Maybe you’d like to go back to previous posts both on this blog and on R.T. Fitch’s blog, “Straight from the Horse’s Heart,” found at

      July 18, 2013
      • sherriey

        i’m with you, BlessUsAll….i have horses and this last week its been in the 90’s +…and all of mine prefer the run-ins and shade trees. they are refusing to go out into the pastures to eat b/c its so hot out there with no shade. we are feeding hay up by the run-ins until this heat goes away. those wild and penned up horses don’t have a choice of shade or no shade. as for the sprinklers…being wild horses these man-made devices may not be as horse friendly as they were intended to be. btw…even tho mine are domesticated…they are still out 24/7 and should be “weather resistance” too….don’t ya think? so i don’t buy that line at all! i saw the video….and those horses are in heat distress!!!!

        July 18, 2013
  • Robynne Catheron

    Well said, BlessUsAll. Horses in the wild most definitely will find shade during the hottest times of the day, whether it’s a grove of trees or a deep valley. I challenge you to send me a video of a horse laying down on hot ground simply to nap after standing in the sun all day long on that same hot ground, and then standing back up. I’ll lay you odds the temperature of the ground under the horses at PVC is in the high hundreds, probably higher. If they’re laying down, it’s because they’re too weak from heat exhaustion to stand. Could you do it? Would you willingly lay down for a nap on that hot sand after standing in the sun all day in 100+ degree heat, baking yourself to a crisp on both sides at once? Neither would those horses.

    July 18, 2013
    • Robynne Catheron

      Sorry, I should have stated that my comment was in reply to Donna E Wise.

      July 18, 2013
  • LNorman

    Wild horses in the wild, do seek shelter from blazing sun and extreme temperatures and they know where to find it. Palamino Valley is a hellhole for wild horses. Not only do they not have shade, but recently there have been strangles, warts, and other maladies observed at this holding facility. In the past, hundreds of horses have suffered miserable dehydration deaths here because blm employees did not fill water troughs. The horses were buried in a mass grave. This year alone, hundreds of horses/foals from this facility have been sent to rendering plant. Isn’t this the same facility where rednecks in trucks were chasing the horses around in the pens? The humane society needs to investigate this hellhole, quarantine the sick and free the stolen wild horses.

    July 18, 2013
    • sherriey

      ….”stolen wild horses”….i like that and it fits to a “T” on what the BLM has done.

      do they still hang horse thieves….????

      July 18, 2013
  • Nancy Leake

    I know what I saw were horses in distress. My husband and I were there for a good 2 hours. We followed that foal for a good 20 minutes. It was lost.We drove around the whole facility. The water sprinklers were not on.We took the picture of the foal July 7th.I was in contact with the reporter all week. He said he had to let Jeb Beck know they were coming.I said they will spruce up the place.He asked if we would go back and get more pictures.We went back July 14th. The foal and horses in that corral were gone. That corral was next to Jeb Becks office. In the news clip.the sprinklers were on. They weren’t on both times we were there.So where did that foal go? I felt I did the right thing.Thank you for posting this to your website. Nancy Leake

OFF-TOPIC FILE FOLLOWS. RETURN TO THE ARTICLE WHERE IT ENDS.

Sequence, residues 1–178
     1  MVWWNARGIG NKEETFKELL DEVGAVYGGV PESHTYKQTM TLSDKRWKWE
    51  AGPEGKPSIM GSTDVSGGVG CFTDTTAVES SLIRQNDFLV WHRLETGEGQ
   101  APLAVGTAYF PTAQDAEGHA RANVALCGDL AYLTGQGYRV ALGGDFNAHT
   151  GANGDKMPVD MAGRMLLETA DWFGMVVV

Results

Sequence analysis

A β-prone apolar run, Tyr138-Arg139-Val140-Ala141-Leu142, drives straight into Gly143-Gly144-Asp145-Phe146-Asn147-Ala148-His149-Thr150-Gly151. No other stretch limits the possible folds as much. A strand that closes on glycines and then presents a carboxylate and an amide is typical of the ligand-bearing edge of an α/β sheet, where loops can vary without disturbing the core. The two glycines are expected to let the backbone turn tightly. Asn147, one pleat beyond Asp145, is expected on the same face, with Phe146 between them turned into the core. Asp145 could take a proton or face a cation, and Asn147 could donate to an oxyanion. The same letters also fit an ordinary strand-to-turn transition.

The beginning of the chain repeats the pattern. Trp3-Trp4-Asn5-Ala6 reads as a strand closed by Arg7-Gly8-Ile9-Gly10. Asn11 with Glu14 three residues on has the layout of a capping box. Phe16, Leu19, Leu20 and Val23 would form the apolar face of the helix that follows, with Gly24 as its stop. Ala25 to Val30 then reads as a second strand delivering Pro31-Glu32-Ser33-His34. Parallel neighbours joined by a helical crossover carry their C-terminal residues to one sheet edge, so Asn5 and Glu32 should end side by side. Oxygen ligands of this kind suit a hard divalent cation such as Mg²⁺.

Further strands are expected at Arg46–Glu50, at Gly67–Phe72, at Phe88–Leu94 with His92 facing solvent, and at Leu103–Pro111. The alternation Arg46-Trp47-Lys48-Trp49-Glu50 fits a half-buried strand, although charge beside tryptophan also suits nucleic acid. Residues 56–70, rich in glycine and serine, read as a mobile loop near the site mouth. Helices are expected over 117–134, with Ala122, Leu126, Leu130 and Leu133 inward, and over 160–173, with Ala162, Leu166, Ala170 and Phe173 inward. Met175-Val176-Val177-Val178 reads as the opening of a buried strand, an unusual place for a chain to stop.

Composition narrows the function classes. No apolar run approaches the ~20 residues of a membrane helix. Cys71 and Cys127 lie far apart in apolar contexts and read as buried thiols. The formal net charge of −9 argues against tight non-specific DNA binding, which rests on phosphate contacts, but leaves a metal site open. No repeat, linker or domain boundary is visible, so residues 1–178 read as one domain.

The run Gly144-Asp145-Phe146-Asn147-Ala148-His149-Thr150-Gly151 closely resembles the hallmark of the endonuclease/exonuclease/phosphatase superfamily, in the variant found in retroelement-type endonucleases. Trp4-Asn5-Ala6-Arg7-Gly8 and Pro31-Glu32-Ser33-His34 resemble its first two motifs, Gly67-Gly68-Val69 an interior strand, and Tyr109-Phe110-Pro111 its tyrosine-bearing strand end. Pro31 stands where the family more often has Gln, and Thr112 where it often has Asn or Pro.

July 21, 2013
  • Nancy Leake

    where was the picture of the awning taken?
    this was not at PVC, unless they put them up after the story aired? Thanks

    July 21, 2013
  • Nancy Leake

    0038190000BLM Nevada News
    Nevada State Office No. 13-26
    For Release: July 19, 2013
    Contact: Heather Jasinski, (775) 861-6594,

    BLM’s Wild Horse and Burro Program Looks to the Reno Community for Ideas at Upcoming Public Workshop

    Reno, Nev. – In light of recent public concern over shade at the Bureau of Land Management’s (BLM) Palomino Valley National Wild Horse and Burro Center (PVC), the BLM will hold a public workshop in coming weeks to provide an open forum and allow for information sharing, suggestions, and ideas on how the BLM can best provide for the horses at PVC with available resources and within constraints.

    In addition to the workshop, the BLM is consulting with animal welfare experts Dr. Carolyn Stull, Ph.D., and Dr. Kathryn Holcomb, Ph.D., of the UC Davis School of Veterinary Medicine who are scheduled to visit PVC to assess environmental conditions. Dr. Holcomb has conducted research to determine if horses prefer and benefit from shade and Dr. Stull is known for her animal welfare work with agricultural animals.

    “Although PVC doesn’t typically have triple-digit temperatures for prolonged periods of time, as is the case in other areas where shade is provided for the animals, we know this summer in Reno has been especially hot,” said Joan Guilfoyle, Wild Horse and Burro Division Chief. “The well-being of the wild horses and burros under BLM’s care is important to us, both on and off the range, and we’re interested in constructive input and dialogue with the public.”

    The PVC facility has been an important part of the BLM’s wild horse and burro adoption program for many years. Horses and burros there have a continuous supply of water and are fed daily. A veterinarian regularly visits the site and sprinklers were installed in late June to three large outside wild horse pens and five mare/foal pens to help keep the animals cool on warm days. No evidence exists that any animals being held at PVC are experiencing life-threatening conditions as a result of high temperatures.

    The Center is the largest BLM preparation and adoption facility in the country with a capacity of 1,850 animals. It serves as the primary preparation center for wild horses and burros gathered from the public lands in Nevada and nearby states. Visitors wishing to adopt are encouraged to call the Center prior to arrival at (775) 475-2222. Public hours for visiting are held Monday through Friday from 8 a.m.-4 p.m. and on the first Saturday of each month from 8 a.m.-noon.

    Photo caption: At the BLM’s Palomino Valley Wild Horse and Burro Center outside Reno, a sprinkler attached to the panel of a large wild horse pen sprays water while horses eat in the distance.


    July 22, 2013